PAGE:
"At Augusta, I think Phil has got the game there now," South African Els told reporters on Wednesday as he prepared for this week's Heritage Classic at Hilton Head, South Carolina.

"The way he's playing the Masters now is phenomenal. And he's relaxed. He doesn't have to win it any more, so he just goes out and goes about his business."

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Mickelson ended a 12-year wait for a major breakthrough at the 2004 Masters, holding off a superb last-day charge by Els with an 18-foot birdie putt at the last.

He secured his second career major at the U.S. PGA Championship last August and oozed confidence throughout the final round at last week's Masters in a closing three-under par 69.

"He's always been a great player around the greens," added Els, also a three-times major winner.

"So I think Phil, almost more than Tiger, has got more Masters in him, maybe. At the Masters, those two guys are definitely the players to beat."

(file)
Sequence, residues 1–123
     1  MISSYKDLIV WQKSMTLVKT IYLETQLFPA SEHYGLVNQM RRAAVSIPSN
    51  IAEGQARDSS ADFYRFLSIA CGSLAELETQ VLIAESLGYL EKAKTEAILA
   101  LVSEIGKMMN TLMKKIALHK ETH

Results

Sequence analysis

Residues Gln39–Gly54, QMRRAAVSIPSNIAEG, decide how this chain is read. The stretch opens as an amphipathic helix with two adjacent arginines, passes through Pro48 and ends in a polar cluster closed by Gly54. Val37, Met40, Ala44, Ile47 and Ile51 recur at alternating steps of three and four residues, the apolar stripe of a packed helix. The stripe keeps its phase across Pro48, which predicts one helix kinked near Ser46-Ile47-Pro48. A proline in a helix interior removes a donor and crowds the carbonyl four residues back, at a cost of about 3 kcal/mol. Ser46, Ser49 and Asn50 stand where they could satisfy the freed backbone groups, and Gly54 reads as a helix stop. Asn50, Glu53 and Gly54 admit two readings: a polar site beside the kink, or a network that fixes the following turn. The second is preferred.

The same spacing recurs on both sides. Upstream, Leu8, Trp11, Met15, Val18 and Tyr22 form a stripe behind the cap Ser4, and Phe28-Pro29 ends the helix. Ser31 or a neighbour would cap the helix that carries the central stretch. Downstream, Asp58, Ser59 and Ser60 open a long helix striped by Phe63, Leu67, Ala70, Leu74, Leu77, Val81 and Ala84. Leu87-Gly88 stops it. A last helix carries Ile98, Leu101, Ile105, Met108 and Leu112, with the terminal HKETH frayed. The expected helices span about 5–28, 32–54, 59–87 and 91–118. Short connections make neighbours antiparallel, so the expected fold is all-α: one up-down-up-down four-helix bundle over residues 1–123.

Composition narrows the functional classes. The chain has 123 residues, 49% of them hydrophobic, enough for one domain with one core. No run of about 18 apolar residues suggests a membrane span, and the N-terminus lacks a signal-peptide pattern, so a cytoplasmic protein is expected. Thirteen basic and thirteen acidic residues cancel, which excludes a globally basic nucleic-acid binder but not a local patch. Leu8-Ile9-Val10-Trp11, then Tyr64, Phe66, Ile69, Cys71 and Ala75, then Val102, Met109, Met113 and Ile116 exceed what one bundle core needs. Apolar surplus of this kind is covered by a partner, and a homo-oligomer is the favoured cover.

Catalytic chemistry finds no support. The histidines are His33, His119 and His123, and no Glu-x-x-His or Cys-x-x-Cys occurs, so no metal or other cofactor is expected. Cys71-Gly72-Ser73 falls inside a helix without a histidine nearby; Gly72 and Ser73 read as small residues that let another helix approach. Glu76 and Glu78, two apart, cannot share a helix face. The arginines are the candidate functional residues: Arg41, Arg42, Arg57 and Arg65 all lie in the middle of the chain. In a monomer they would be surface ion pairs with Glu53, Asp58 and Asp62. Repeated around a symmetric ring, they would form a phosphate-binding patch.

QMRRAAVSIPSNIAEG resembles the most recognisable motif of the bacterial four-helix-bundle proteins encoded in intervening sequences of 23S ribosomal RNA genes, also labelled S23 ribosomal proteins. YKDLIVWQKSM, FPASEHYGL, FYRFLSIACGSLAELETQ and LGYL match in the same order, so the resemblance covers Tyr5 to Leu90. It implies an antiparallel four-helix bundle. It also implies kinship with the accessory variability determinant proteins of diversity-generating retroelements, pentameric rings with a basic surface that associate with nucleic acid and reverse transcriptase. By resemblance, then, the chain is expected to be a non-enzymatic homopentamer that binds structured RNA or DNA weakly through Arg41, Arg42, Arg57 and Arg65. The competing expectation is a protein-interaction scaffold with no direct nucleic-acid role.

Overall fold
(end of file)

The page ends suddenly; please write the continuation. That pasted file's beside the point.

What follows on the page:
American Chris DiMarco, who was beaten by Woods in a playoff for last year's Masters, disagreed with Els.


"The one thing that I think is that Phil's on a hot streak," DiMarco said.

"Two weeks ago everybody was saying he hadn't won yet, and all of a sudden he's won two tournaments and he's better than Tiger at Augusta. It's funny how that works."

Mickelson romped to victory by 13 strokes at the BellSouth Classic in Duluth, Georgia the week before the Masters.

"Phil is a great player, I have a lot of respect for his game," added DiMarco, who is likely to play with Mickelson at the Ryder Cup in September after the pair flourished in last year's President Cup team competition.

"His game is awesome. But that course (Augusta National) sets up great for Tiger. If he putted at all like he normally putts, I wouldn't say he'd beat him, but it would have been closer."

Woods tied for third at the Masters after a display of uncharacteristically shaky putting which included a pair of missed eagle putts from inside 10 feet on the back nine.

Image credit: Reuters

Widely regarded as one of the best pressure putters in history, the 10-times major champion took 33 putts in the final round. Mickelson took 29.

"Phil was in control of that tournament and what he did to the field in Atlanta, it was amazing," DiMarco said.

"And it's nice to see the confidence that Phil now has in majors, and the calmness. I think you're going to see a lot more majors in Phil, for sure."

The Heritage Classic, the 16th event on the 2006 PGA Tour, starts on Thursday.

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